If you have an old fluorescent light fixture and the fluorescent tube is on its last legs, flickering or dimming, you could just replace the fluorescent tube and perhaps the associated ballast. But there is a much smarter solution available, thanks to LED technology. Compared to traditional fluorescent lighting, modern tubes made with light-emitting diodes will last much longer and cut your energy bills substantially.
Should I convert from a fluorescent tube to LED?
Among their many benefits, LEDs offer money- and environment-saving features: longer life, lower energy consumption and an absence of toxic mercury. LEDs also cast a much more directional light than fluorescent tubes, which means they put the light where you want it (down on the finished floor or work surface) rather than in places where it's wasted (up into the fixture).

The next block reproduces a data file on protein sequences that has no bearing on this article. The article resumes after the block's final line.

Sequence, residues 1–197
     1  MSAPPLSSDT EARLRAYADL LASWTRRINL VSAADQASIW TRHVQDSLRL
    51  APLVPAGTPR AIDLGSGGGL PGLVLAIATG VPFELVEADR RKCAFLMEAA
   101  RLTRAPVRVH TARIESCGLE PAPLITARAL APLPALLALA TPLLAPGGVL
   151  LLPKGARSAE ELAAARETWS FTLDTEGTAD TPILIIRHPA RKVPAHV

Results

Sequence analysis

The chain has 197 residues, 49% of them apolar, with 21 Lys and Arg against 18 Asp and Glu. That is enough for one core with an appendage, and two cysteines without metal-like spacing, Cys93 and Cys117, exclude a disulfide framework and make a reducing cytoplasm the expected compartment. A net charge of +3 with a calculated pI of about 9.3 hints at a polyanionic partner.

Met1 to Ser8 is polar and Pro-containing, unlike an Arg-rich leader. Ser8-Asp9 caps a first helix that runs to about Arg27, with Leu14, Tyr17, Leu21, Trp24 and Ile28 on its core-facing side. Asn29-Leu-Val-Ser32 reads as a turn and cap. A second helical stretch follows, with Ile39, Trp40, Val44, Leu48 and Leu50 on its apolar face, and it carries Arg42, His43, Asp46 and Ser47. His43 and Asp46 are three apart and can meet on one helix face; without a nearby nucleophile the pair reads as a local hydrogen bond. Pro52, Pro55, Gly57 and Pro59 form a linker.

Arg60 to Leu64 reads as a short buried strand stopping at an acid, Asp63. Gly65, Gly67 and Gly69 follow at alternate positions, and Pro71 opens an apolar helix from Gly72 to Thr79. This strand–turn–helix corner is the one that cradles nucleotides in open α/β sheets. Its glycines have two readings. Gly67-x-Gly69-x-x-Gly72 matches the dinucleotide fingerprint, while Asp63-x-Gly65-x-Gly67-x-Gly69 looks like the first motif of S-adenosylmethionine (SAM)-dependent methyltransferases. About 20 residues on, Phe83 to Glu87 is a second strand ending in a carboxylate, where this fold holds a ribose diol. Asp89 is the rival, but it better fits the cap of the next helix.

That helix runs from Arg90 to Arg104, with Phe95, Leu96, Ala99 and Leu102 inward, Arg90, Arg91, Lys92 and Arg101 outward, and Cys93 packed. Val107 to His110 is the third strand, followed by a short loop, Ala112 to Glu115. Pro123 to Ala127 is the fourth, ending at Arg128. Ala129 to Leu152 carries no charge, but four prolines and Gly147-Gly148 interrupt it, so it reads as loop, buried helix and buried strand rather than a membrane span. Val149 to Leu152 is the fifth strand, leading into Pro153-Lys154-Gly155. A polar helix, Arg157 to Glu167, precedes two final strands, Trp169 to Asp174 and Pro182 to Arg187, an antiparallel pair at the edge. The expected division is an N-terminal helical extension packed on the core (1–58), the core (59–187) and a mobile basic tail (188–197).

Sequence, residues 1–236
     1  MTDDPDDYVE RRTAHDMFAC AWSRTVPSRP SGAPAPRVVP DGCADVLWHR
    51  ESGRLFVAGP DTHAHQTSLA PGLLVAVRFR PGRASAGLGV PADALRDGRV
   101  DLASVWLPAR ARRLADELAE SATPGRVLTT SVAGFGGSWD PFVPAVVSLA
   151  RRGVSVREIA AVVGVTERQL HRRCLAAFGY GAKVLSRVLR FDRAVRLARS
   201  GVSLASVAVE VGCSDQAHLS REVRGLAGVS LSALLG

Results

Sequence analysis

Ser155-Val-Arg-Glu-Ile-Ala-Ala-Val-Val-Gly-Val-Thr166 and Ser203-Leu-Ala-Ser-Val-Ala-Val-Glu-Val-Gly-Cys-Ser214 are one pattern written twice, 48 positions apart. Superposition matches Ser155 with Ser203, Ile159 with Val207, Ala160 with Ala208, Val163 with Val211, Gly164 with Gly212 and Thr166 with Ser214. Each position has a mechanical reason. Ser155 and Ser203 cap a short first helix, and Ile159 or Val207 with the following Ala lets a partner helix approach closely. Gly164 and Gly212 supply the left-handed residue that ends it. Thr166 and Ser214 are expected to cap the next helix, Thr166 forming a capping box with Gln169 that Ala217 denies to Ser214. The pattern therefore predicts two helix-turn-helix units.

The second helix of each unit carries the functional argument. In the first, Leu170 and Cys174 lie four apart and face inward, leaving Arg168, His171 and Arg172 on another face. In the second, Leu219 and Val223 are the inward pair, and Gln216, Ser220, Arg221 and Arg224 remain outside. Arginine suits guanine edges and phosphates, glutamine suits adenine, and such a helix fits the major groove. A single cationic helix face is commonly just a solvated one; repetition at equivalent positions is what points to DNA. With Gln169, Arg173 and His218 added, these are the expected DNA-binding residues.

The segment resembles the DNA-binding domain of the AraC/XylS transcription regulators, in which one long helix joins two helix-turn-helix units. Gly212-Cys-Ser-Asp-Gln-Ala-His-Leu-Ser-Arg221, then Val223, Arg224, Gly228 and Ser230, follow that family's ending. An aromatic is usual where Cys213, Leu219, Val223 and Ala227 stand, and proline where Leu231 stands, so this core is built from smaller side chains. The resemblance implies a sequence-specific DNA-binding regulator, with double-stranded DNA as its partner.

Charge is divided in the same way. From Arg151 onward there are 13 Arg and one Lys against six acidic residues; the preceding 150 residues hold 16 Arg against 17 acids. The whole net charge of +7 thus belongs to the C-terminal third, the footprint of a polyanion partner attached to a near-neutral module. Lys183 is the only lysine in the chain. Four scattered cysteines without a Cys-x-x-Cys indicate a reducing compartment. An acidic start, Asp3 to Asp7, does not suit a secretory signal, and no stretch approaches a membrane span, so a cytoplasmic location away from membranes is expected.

Pros and Cons of LED Lighting Tubes
True, LED lighting tubes cost more than fluorescent tubes. But as LED lights have become more popular, costs have been coming down, thanks to economies of scale. In addition, you can also save the cost of replacing ballasts by making the switch to LEDs. LED linear tubes can last 50,000 hours or more, nearly twice the lifespan of comparable fluorescent tubes. That means that over time, you will be buying fewer replacement tubes. If you are paying someone to make the replacements, it also translates into savings in labor costs over time.
Saving Energy, Money, and the Environment
The real savings can come over the long term, thanks to LED lighting’s miserly energy use. Compared to fluorescents, LED lights can save you 20 percent to 50 percent or more in energy costs. Do the math and you will find that switching to LED lighting will more than pay you back for your initial investment over time. In fact, given the long-term cost savings involved, why would you wait?